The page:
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Arrow wound vs. Rifle wound

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Arrow wound vs. Rifle wound

Old 10-25-2010, 12:51 PM
  #1  
Spike
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Default Arrow wound vs. Rifle wound

My last post was about the poachers in my area spotlighting bucks at night and shooting them with rifles and leaving them there to die. My buddy found one of these dead bucks on his property and told me it looked like it was shot with a bow and arrow. When the game warden showed up he said it was definitely with a high powered rifle. So this got me thinking....what is the difference between a rifle wound and an arrow wound? I don't know how to tell the difference. I have shot 3 deer with my bow and 1 with my rifle so I guess I don't have enough experience to know the difference. I didn't think you could tell a difference but apparently so. How about difference between muzzleloader wound and rifle wound?
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Old 10-25-2010, 12:59 PM
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well the overall lethality of each weapon is completely different.. broadheads cause death by hemoraging and guns by hydrostatic shock.. minus the destruction of vital organs.. i personally only notice a difference in the overall cleanlyness of the wounds.. a broadhead whether its 2 bladed or 3 leaves a very distinct and clean mark where as a bullet is gonna enter small and leave a big exit depending on the size of gun used and bullets...im my experience its very hard to mistake a gun shot for a bow shot...a muzzle loader wound will be similar to a rifles but with much more damage at P.O.I due to the shear size and weight of the projectile.. i used a 300 win mag on deer and the hole was no different than that of an 06 unless you connect with bone then its a different story. .but my .50 cal inline puts the same size hole in deer that my 270 does..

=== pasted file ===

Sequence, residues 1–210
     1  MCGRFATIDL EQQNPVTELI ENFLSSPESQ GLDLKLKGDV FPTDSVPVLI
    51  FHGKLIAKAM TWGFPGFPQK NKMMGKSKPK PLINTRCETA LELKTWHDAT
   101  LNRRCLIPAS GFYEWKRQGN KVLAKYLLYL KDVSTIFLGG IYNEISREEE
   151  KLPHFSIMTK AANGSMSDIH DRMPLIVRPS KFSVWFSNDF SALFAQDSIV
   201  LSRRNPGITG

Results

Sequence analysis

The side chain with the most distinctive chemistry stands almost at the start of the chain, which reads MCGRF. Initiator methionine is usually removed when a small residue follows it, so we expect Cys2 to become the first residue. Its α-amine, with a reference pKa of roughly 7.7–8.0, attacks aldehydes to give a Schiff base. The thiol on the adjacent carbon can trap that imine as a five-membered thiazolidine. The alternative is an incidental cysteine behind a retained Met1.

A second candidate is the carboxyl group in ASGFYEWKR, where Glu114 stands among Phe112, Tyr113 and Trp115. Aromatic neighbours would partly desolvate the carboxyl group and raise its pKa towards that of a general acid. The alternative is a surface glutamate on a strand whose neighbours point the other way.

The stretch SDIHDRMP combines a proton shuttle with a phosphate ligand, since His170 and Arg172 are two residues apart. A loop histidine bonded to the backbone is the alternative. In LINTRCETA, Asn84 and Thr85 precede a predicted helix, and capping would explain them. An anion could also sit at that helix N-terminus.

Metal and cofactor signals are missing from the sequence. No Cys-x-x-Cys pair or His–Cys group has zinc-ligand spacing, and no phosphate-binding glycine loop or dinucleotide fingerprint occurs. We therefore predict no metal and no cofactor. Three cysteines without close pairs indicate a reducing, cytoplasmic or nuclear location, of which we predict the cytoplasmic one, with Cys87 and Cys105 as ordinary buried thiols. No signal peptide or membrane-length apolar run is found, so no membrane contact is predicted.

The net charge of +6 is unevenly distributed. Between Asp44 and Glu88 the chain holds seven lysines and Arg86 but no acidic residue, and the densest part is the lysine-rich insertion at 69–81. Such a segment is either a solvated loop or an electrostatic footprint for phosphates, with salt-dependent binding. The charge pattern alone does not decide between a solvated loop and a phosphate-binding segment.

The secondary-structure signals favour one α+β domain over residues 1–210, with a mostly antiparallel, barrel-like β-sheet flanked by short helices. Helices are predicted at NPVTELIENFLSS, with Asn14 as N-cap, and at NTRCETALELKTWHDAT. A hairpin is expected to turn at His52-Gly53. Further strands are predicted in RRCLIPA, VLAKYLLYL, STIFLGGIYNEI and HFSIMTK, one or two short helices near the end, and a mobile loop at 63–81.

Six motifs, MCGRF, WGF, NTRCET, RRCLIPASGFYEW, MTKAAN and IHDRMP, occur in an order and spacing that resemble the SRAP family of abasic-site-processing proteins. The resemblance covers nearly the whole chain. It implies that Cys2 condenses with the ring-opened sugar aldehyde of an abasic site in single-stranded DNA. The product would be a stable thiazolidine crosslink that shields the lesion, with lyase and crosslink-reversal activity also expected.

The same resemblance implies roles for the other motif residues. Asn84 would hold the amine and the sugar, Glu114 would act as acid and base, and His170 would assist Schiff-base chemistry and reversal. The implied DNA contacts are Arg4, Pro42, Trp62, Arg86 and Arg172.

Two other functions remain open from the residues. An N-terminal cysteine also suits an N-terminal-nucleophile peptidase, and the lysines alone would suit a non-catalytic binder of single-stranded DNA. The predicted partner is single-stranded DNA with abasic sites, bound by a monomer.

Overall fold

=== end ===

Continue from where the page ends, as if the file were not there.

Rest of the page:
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Old 10-25-2010, 01:03 PM
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Broadheads are made to cause Hemmorhaging and bullets are made to cause severe tissue damage. People around these parts have been know to use a arrow shot through a 410 when they poach.
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Old 10-25-2010, 01:17 PM
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arrow in a 410, that sounds dangerous.
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Old 10-25-2010, 01:26 PM
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Originally Posted by Wheatley View Post
arrow in a 410, that sounds dangerous.
That is what I thought, but Im sure they have to take the bb's out of the shell. Either way I hope it back fire's or blow's the shot gun. We have found .22 cal bullets, bird shot, broadheads and a antler tine before while skinning deer. They are crazy strong animals.
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Old 10-25-2010, 01:26 PM
  #6  
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Originally Posted by nwtrykon87 View Post
well the overall lethality of each weapon is completely different.. broadheads cause death by hemoraging and guns by hydrostatic shock.. minus the destruction of vital organs.. i personally only notice a difference in the overall cleanlyness of the wounds.. a broadhead whether its 2 bladed or 3 leaves a very distinct and clean mark where as a bullet is gonna enter small and leave a big exit depending on the size of gun used and bullets...im my experience its very hard to mistake a gun shot for a bow shot...a muzzle loader wound will be similar to a rifles but with much more damage at P.O.I due to the shear size and weight of the projectile.. i used a 300 win mag on deer and the hole was no different than that of an 06 unless you connect with bone then its a different story. .but my .50 cal inline puts the same size hole in deer that my 270 does..